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Neck vs. Full Length sizing for Accuracy in .308 win

Discussion in 'Handloading and Reloading' started by hsiddall, Feb 1, 2008.

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  1. hsiddall

    hsiddall Member

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    Well here we go, This may well be one of the worst questinos to ask here but what is better in regards to accuracy and why. I also read on a decription for a comp seating die thano crimp is needed is this true?

    Sorry, I should add that this is for a remy 700p and all the cases are once fired from this gun...
     
    Last edited: Feb 1, 2008
  2. USSR

    USSR Member

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    hsiddall,

    I have a Redding Competition Die set (micrometer necksizing die, body die, and micrometer seating die) in .308, and here is how I do it:

    After cleaning the brass, I remove the spent primer using a Lyman Universal Decapping die (the decapping pin and expander ball being removed from my necksizing die). I then run the brass thru my body die, which is adjusted to bump my shoulder back about .002". After removing the Imperial Sizing Die wax, I then insert a Redding TiN bushing in the necksizing die which will give me about .002" neck tension and run the brass thru this die. The Titanium Nitride bushing requires no lube, and since I am not dragging an expander ball thru the neck, no lube goes on both the outside and inside of the neck. After repriming and adding the powder charge, I seat the bullets to the maximum length that the magazine can handle, as long as the cartridge base to bullet ogive length is shorter than the same measurement in the rifle. And, I NEVER crimp rifle ammo.

    Don
     
  3. Lennyjoe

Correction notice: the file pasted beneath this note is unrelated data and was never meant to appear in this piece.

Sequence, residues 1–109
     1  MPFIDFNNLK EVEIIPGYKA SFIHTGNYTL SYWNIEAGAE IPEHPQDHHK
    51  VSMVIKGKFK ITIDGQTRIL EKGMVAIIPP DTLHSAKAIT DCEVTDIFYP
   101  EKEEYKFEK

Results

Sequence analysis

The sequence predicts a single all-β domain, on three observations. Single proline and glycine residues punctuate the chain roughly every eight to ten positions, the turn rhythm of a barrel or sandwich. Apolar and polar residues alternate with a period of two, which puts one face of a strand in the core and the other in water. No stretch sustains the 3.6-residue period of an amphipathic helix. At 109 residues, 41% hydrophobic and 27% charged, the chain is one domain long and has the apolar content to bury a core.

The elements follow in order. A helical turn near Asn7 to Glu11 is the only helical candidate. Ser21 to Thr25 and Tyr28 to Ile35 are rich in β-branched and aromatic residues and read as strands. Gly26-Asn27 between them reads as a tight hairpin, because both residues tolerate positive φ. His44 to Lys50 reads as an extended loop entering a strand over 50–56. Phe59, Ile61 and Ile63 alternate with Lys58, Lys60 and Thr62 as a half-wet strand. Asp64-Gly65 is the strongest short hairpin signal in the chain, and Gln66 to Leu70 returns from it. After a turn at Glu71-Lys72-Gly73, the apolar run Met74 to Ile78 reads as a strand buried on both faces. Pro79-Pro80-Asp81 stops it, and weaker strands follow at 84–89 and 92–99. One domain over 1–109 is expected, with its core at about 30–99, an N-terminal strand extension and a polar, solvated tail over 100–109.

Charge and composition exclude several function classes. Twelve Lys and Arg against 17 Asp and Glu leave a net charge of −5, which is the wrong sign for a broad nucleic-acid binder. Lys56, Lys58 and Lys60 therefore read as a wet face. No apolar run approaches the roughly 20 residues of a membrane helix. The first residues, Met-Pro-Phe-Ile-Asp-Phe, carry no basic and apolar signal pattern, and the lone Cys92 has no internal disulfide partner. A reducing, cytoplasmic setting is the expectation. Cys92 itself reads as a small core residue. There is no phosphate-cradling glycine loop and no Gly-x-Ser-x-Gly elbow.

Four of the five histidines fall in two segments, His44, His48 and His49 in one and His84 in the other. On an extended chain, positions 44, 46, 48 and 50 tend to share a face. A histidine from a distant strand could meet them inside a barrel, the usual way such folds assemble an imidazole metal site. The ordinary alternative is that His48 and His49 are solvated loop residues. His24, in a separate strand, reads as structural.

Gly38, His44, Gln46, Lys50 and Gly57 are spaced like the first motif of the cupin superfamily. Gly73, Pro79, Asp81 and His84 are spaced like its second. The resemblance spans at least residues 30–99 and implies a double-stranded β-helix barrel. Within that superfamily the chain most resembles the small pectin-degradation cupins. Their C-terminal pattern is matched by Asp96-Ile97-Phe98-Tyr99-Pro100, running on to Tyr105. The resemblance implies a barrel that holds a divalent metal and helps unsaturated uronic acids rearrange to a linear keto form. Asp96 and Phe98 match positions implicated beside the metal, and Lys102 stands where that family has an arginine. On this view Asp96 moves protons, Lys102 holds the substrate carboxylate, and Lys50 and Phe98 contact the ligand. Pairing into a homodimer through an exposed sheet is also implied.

Lennyjoe Member

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    Full size if its non fired brass from your rifle. After it's fireformed from your rifle then use the neck sizer.

    Other opinions vary but that's what worked best for my -06 and 22-250.
     
  4. Bad Flynch

    Bad Flynch Member

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    Nothing wrong with the previous method, but Redding now has a shoulder-bump die that holds a TiN neck sizing ring, so two steps are no longer needed. A very small shoulder bump is a good idea and the sizing produces a more uniform case so that the induced error is constant. Once an error is constant, it can be compensated for.
     
  5. Snapping Twig

    Snapping Twig Member

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    Once it has been fireformed in your rifle, neck sizing allows best accuracy as the cartridge fits your specific rifle's chamber fully and is totally supported due to the tight fit.

    Drawbacks...

    Neck sized ammo may not fit other rifles chambered for the same round. If you have the ability to segregate ammo for specific firearms, then you're good to go.

    Neck sized ammo may work in another firearm, but you have to find out by trying it.

    I have several rifles in similar caliber, for these I full size. I'm not good enough a shot to exploit the difference and 1.5" groups are good enough for my needs.